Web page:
Screenwriter Nick Hornby’s masterful adaptation of Colm Tóibín’s bestselling novel may be set in the 1950s, but its ideas about immigration, displacement and the evolution of the family unit are entirely modern in their outlook thanks to its female-centric narrative.
These universal themes are explored through the deeply personal experience of young Irish girl Eilis (Saoirse Ronan) who, finding her ambitions unfulfilled by her small hometown, sets off to harness the opportunities promised by New York City. Although initially homesick, Eilis soon begins to carve out a new life – helped enormously by dashing local Tony (Emory Cohen) – but finds her loyalties torn when tragedy strikes back home.
While far from an original story, that Brooklyn is told from the perspective of an industrious young woman gives it a sense of vim and vigour that’s augmented by a stunning central performance from Ronan. While she’s previously impressed in films like Hanna and Byzantium (and was Oscar-nominated for her supporting work in Atonement), this is undoubtedly Ronan’s coming-of-age role, and she conveys Eilis’s quiet strength in the face of huge emotional turmoil without a hint of melodrama. Indeed, while she may be somewhat constrained by the moral codes of the day, Ronan plays Eilis as a strong, contemporary heroine.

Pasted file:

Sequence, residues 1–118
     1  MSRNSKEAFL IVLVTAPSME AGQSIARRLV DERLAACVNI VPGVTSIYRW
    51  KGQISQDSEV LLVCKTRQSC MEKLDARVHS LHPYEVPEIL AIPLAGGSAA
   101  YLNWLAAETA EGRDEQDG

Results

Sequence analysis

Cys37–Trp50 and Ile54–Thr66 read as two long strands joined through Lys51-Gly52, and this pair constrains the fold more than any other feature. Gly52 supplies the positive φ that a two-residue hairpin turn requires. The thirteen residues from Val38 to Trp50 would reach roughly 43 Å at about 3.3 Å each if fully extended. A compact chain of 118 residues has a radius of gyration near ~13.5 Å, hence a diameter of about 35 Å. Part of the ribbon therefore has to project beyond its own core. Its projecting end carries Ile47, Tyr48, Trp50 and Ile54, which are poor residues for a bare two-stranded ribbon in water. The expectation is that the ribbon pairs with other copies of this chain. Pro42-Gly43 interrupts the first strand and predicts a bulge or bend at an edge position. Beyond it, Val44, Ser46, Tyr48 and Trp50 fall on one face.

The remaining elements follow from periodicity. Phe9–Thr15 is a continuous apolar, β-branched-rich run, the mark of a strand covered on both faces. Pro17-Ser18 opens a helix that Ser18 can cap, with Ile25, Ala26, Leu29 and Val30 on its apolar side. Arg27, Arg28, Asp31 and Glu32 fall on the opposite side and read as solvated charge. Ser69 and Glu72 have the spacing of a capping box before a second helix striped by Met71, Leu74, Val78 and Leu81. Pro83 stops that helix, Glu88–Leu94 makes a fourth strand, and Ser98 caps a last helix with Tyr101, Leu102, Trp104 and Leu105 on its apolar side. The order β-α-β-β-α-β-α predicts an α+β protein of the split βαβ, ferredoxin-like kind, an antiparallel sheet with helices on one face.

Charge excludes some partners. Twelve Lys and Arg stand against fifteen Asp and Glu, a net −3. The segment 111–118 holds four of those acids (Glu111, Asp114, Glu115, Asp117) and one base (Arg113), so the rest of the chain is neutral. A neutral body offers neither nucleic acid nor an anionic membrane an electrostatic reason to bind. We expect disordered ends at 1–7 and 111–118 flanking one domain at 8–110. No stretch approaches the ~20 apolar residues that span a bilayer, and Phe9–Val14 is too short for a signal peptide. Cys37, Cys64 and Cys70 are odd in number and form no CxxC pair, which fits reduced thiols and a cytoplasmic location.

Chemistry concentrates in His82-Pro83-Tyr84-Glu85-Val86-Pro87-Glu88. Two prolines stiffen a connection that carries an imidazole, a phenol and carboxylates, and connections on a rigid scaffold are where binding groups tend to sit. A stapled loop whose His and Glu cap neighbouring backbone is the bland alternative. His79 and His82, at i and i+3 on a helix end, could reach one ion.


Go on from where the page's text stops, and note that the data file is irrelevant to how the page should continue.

Elsewhere, and despite some heavy-handed moments – including an over-reliance on slow-motion – director John Crowley (Boy A, Closed Circuit) shows enough restraint with the material to let Ronan’s performance lead the way. He’s helped by a tremendous supporting cast, most notably Cohen, Fiona Glascott as the sister left behind and Julie Walters, who lends some balanced comic relief as Eilis’s opinionated landlady.
While Brooklyn is undoubtedly a performance driven film, it’s also visually vibrant. The sumptuous colour palette and evocative cinematography from Yves Bélanger (Dallas Buyers Club, Wild) capture the contrasts of insular rural Ireland and the gleaming, soaring Big Apple, so underscoring the enormous journey upon which Eilis has embarked. It’s absolutely impossible not to be swept up in her story.
This review was originally published at The List